C.S. Lewis said, “The very nature of joy makes nonsense of our common distinction between having and wanting.” This is definitely a truth the Czech Republic team felt Sunday afternoon after spending five hours at Street Reach – a local homeless shelter and rehabilitation center.
This blog post is a little more subjective than what I’ve been doing. I just really want to tell you about the experience I had, which was similar to the other 20-some students who had the opportunity to volunteer.
Last week’s prayer focus was the local community, and going off that, Hannah Mihalko was able to find a place we could serve this community.
Once we arrived at Street Reach, we spent no more than an hour completing the various cleaning tasks they had for us. But then, we ended up staying four more hours to talk, worship, and pray with people staying at and visiting the shelter.
Each person had a different story. Some were mentally challenged, some lived in the woods, some couldn’t escape substance addictions, and some had families that seem beyond repair. I want to tell you about three people I talked to, and I would love for you to pray for them, even just once right now.
Sahr Brima gave a gospel presentation through what is called Spoken Word – a mixture of rap and poetry. After he finished, Frederic just said, “My life is so messed up.”
He said he has three kids from his ex-wife and one on the way from a different woman. He said he is a Christian, and he was able to articulate the gospel.
Pray that this would be true, and that Jesus would be so sweet to him. Pray that his brokenness would lead him straight to the cross.
In a way, he stuck out in the room. He’s 23 years old (much younger than most there), and he appeared to be educated and friendly. Still, there is a lot of brokenness. He has a six-month old baby who’s living with his ex-wife, who’s in a homosexual relationship.
He did not seem to know Christ, so pray that God would work in his heart.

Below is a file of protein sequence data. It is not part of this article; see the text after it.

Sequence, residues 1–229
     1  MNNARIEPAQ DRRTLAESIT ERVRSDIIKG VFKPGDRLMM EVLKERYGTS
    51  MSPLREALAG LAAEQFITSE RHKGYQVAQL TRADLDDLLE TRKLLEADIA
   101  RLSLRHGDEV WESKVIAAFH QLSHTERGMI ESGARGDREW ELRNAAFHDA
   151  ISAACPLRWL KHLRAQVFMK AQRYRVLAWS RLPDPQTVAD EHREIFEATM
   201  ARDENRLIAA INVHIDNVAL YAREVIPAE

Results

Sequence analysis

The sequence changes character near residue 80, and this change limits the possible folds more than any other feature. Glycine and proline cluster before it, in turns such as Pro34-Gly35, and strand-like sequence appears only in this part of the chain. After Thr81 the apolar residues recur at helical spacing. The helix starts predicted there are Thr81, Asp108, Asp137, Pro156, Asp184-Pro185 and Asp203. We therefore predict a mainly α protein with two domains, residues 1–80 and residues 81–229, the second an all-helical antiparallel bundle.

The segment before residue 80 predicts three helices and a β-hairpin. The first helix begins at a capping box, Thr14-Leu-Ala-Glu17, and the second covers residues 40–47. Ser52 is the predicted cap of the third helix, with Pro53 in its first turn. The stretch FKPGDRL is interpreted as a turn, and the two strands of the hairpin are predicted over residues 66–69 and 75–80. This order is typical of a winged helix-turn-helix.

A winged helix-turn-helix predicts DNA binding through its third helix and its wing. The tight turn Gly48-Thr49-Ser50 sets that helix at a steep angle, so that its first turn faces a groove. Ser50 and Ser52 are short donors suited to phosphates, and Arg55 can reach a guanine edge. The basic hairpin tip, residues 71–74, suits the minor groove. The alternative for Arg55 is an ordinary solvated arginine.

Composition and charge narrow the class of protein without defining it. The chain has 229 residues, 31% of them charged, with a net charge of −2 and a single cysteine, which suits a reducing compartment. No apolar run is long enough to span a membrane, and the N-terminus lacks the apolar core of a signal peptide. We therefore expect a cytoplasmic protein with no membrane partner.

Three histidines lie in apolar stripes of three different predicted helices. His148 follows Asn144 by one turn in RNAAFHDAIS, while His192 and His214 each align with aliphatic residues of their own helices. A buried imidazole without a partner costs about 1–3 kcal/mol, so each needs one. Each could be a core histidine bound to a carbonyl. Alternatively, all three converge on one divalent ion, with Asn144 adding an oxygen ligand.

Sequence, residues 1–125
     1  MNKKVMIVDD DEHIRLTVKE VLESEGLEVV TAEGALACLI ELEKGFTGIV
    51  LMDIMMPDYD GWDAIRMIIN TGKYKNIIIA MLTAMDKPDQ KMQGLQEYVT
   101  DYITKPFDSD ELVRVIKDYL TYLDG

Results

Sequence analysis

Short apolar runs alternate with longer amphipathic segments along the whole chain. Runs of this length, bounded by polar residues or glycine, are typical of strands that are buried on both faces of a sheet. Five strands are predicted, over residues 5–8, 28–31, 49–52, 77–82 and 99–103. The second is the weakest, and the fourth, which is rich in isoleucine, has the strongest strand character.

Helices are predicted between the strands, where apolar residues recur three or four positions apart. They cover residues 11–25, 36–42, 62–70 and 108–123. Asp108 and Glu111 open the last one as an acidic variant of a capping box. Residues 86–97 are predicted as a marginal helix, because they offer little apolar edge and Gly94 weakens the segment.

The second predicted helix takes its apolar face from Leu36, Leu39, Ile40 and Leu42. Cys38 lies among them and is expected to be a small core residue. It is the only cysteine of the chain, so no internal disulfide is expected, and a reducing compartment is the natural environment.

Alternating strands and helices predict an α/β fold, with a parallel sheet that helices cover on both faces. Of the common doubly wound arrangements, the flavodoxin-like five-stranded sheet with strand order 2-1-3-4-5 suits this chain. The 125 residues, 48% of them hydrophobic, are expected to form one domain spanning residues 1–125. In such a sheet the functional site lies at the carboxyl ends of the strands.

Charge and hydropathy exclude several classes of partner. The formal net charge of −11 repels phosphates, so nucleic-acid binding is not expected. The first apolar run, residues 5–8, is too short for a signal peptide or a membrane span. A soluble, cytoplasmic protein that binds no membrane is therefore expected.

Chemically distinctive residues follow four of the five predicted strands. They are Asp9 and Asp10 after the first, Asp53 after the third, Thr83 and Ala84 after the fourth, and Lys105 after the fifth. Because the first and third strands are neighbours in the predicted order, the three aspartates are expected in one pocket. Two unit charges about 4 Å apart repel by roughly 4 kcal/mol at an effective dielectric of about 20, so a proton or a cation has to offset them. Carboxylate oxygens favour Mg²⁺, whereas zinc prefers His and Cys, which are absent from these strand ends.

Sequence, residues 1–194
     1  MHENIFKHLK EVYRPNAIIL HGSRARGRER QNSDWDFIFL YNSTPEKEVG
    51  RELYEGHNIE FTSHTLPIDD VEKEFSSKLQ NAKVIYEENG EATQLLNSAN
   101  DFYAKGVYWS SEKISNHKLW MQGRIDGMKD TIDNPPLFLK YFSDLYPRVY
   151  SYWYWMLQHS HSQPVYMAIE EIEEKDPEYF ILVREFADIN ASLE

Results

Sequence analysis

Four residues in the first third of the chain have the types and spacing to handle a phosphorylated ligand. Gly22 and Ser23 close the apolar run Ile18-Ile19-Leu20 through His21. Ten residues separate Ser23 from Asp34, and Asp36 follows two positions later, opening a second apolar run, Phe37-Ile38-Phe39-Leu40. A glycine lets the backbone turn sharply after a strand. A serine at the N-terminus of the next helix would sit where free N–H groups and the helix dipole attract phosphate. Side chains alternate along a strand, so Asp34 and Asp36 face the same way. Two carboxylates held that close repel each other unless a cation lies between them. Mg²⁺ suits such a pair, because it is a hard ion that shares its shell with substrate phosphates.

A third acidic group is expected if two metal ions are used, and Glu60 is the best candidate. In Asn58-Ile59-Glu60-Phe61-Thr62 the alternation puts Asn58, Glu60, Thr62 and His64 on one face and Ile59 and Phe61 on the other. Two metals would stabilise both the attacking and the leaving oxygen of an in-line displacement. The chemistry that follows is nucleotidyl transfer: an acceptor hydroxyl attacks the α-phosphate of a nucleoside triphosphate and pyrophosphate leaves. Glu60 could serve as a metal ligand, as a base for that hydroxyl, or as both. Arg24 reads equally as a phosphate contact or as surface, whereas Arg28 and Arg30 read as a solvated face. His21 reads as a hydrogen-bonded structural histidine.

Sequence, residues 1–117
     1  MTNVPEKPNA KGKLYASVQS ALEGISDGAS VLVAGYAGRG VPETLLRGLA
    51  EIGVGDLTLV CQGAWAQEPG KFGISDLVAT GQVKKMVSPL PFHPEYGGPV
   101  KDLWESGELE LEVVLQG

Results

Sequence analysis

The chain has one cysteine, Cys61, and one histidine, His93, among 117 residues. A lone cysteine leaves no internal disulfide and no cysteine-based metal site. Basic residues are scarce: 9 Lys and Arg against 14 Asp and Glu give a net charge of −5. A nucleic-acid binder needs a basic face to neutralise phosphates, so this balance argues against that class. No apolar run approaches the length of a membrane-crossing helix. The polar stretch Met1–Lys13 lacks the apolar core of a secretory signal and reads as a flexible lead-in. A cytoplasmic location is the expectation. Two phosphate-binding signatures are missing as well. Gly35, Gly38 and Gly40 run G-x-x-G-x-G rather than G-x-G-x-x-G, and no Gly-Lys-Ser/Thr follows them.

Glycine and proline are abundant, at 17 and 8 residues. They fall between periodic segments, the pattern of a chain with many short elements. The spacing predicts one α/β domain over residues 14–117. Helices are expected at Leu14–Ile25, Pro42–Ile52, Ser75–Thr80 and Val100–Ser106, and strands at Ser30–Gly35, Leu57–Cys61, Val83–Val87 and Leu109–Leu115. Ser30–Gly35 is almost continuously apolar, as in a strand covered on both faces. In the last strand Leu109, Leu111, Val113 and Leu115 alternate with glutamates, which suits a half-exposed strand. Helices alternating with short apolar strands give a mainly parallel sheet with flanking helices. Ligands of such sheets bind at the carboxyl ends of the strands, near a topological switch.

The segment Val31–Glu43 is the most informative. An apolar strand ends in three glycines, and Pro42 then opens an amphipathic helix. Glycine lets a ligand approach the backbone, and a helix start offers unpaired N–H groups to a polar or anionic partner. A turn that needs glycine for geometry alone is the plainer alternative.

He gave me a brief explanation of what brought him to Street Reach. His house in Louisiana was flooded and completely lost. He found a job in the Myrtle Beach region, but the place was shut down because of health reasons. He told me: “I don’t do drugs and I don’t drink; this is just where God wants me.”
He was completely content. He said he’d been there for four or five days.
“You wouldn’t believe all the conversations I’ve had with these people in just a few days.”
He said he’s been able to share the gospel countless times, and he knows God has him there for a reason.
Pray that God would continue to do amazing things through Paul. Pray for his time at the shelter. I’m not sure if he’ll be there for just a couple more days or a couple months. But God is good, so pray his strong and steady joy in Christ would not falter even a little.
I was so encouraged by all three of these conversations, as well as all the conversations everyone else was able to have. I’ve been amazed what doors God opens when my identity is completely in him and what he’s done for me.
I – and the other students who went – were reminded about what matters. I think it’s important to have perspective on that sometimes. Comfort, fashion, education – all these things rarely ever crossed the minds of the people at Street Reach. All people, from all places and all situations, have one thing in common: a desperate need for the gospel.